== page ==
Addiction is not a choice. Addiction is a complex condition, a brain disease that is manifested by compulsive substance use despite harmful consequence. Over an estimated half a million people in the UK have alcohol dependency, and are in need of specialist treatment. Less than one-fifth receive help.
After witnessing the brutality of a close family member dealing with alcohol addiction, Laura Foster talks about how her experience was enlightening and how she felt the need to document this through photography. ‘Serenity’ aims to confront the harmful stereotypes of addicts and rehabilitation. This important series aims to depict the representation of what society believes an addict to be. “Society assumes that it is their fault, their choice, and do not see it as the all-consuming mental illness it truly is. This is why I felt it was so necessary to use my work and the voice it gives me to carry on the fight to not only help addicts, but show a wider audience the truth about addiction.”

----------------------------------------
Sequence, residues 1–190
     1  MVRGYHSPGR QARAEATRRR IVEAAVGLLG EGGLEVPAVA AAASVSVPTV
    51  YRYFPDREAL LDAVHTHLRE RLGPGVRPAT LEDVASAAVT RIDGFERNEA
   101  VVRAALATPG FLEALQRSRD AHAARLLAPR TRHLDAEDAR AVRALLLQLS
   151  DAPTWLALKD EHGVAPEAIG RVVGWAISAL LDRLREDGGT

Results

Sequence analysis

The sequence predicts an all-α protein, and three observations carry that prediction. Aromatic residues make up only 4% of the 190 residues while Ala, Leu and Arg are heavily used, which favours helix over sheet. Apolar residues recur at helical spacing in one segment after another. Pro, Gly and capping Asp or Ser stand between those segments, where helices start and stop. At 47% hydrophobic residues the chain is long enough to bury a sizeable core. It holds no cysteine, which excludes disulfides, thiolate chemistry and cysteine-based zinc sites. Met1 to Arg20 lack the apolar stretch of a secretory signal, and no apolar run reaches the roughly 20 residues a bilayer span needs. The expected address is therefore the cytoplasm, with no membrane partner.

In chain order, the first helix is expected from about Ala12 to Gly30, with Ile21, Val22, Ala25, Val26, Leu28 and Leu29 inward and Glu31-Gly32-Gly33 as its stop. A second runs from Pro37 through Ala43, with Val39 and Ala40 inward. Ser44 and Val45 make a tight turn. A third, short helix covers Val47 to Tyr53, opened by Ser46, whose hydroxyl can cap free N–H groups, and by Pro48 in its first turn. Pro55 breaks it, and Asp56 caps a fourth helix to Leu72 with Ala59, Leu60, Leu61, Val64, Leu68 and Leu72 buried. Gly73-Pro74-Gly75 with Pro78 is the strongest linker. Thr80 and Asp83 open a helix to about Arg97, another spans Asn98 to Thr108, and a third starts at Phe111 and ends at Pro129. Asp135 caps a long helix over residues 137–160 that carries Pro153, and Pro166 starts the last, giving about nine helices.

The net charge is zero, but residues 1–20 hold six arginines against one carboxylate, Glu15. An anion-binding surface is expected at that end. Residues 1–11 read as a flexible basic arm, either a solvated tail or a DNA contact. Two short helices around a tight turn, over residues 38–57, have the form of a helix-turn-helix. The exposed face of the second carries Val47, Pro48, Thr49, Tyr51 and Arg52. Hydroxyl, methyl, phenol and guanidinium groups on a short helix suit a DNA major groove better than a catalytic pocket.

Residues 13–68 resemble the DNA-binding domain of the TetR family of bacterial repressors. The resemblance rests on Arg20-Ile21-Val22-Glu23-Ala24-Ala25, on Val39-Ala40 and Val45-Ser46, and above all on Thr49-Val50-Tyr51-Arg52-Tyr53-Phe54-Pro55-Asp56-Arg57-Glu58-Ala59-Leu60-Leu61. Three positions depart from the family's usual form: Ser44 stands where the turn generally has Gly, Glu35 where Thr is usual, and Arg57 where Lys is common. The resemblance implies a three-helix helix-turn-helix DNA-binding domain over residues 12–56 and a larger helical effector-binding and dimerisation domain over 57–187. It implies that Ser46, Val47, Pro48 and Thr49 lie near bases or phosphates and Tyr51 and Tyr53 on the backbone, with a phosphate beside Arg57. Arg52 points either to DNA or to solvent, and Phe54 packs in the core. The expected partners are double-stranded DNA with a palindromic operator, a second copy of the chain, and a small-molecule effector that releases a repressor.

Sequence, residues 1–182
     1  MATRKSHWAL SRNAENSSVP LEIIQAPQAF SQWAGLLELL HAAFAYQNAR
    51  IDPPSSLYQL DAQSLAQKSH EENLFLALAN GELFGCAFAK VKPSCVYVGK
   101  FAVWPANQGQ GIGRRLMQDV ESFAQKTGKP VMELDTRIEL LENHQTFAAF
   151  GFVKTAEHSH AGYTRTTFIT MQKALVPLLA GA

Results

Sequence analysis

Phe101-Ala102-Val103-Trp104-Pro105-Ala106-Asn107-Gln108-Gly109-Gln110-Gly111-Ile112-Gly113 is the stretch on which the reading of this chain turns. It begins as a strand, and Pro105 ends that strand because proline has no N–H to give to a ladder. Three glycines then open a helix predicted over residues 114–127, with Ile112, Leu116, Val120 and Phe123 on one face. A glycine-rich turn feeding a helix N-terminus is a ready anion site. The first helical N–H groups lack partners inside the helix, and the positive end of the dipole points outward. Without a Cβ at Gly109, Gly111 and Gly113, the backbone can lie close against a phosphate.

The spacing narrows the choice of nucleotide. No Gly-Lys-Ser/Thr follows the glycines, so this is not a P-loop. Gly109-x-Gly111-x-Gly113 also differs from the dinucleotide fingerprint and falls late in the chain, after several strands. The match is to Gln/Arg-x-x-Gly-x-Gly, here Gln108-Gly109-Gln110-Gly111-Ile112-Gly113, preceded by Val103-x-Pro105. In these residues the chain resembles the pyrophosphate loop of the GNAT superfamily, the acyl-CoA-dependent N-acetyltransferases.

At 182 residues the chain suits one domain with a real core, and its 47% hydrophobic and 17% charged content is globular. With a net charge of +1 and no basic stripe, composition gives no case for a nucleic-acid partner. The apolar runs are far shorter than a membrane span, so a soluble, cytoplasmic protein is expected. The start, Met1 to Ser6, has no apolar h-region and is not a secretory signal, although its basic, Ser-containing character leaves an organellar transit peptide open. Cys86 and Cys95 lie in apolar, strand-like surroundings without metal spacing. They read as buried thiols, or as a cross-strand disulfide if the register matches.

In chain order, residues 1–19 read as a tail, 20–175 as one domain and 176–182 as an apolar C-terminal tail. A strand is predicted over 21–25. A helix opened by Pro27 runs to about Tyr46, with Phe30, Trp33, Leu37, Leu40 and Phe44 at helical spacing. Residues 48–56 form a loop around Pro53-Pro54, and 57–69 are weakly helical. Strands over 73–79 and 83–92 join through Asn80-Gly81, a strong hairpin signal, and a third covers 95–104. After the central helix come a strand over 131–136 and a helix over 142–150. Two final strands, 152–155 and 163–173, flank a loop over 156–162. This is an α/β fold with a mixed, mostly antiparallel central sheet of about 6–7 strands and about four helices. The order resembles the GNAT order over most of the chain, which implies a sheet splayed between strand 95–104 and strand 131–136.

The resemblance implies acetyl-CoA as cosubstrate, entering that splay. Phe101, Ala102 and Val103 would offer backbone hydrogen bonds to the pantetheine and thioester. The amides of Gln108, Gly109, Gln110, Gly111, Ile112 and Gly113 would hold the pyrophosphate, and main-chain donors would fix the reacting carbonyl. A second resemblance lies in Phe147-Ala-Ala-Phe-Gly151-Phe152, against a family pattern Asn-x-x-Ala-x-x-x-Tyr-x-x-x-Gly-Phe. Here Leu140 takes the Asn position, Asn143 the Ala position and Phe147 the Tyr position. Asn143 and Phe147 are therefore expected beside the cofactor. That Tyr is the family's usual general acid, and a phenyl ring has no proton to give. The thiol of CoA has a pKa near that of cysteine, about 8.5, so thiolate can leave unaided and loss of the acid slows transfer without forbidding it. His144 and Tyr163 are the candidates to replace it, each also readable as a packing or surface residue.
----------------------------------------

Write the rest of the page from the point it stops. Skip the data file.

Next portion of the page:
The series follows all-male Christian-run rehabilitation centre Yeldall Manor, and the day to day lives of its residents. “before the visit I was completely terrified as I had these perceptions of what a rehabilitation centre would be like, as do many, picturing it almost like a psychiatric hospital. Upon my arrival I was greeted with the opposite. The converted manor house I walked into immediately felt safe, it felt like a community and a family. The staff who work with people in their worst and most vulnerable states were some of the kindest people I have ever met.” Explains Foster.
Spending roughly 4 months visiting Yeldall multiple times a week, it was an experience that Laura describes as changing her view not only as a photographer, but as a person. Over the time spent with the people within the home, she spent hours upon hours having conversations with them and listening to their stories and experiences. “One of the vital aspects that was incredibly important to me in this project was focussing on the issue of male mental health, and how so few men will ask for help. I spent weeks seeing how the centre worked, the routines and different programmes implemented all contributing to each man’s recovery. The connections I made with the residents very quickly made me realise this work was no longer about me and my voice, it was about theirs. I was finally able to give them a chance to tell their stories, and show the real people behind the illness. The unseen, misunderstood and ongoing battle of addiction.”
See more of Laura’s work Here.